angels, singing with refreshingly light tone. There isn’t
much between the choirs on the other recordings and all
do justice to this music. The tenor Jon
Villars as Doctor Marianus emerges from the choirs
for his difficult solo. He sounds rather rushed at first,
but soon settles down, the only problem being that the
tone sounds tight in the higher register. Of all the tenors
on these recordings only Rene Kollo for Solti sounds anywhere
near at ease.
takes us into the Finale proper and to one of the most
sublime moments of this symphony – the appearance of Mater
Gloriosa to a melody of such sweetness that it is hard
to imagine anyone not doing it justice. It starts with
violins accompanied by harmonium and harp. Rattle is quite
sublime in this with the strings playing with superb tone.
As with Solti, a judicious tempo that has a ‘right’ feel
about it. Nagano is so slow that the music is in danger
of grinding to a halt which ruins the atmosphere he is
trying so hard to create.
next section is for the three penitent women (Magna
Peccatrix, Mulier Samaritana and Maria Aegyptiaca)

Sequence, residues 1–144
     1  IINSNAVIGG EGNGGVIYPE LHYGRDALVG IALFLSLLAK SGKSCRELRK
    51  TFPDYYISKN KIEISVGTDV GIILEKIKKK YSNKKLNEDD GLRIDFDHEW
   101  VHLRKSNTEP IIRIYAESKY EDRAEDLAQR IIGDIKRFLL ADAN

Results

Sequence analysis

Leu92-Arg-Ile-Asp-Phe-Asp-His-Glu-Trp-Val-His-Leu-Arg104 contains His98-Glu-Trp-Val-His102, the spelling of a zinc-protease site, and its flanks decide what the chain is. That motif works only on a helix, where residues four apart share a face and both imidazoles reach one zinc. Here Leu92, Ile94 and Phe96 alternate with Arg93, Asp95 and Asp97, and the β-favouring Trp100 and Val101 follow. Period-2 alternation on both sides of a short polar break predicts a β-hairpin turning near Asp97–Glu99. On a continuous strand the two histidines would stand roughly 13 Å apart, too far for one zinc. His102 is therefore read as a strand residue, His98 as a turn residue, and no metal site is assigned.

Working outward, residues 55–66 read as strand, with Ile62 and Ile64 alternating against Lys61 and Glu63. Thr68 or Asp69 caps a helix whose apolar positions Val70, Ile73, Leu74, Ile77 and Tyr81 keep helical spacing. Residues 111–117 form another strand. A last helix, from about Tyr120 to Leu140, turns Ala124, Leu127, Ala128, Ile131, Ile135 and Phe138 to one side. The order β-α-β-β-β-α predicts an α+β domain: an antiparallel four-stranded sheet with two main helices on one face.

the three ladies here make a splendid trio singing with
sensitivity and grace. Soile Isokoski
as Una Poenitentium is luxury casting and she gives
a delightful rendition of this solo part, second only to
Solti’s Lucia Popp who is, I believe, unsurpassed in this.
In the other recordings the tempo is slow and the singers
are placed under difficulties by this. Nagano’s Lynne Dawson
is so stretched by Una Poenitentium that it makes
uncomfortable listening. Finally, we come to Mater Gloriosa.
Solti has the best of the singers with Arleen Auger, but
all the recordings do well with this solo which lasts all
of 25 bars.
Marianus with the choirs
takes us to a thrilling climax which melts into the final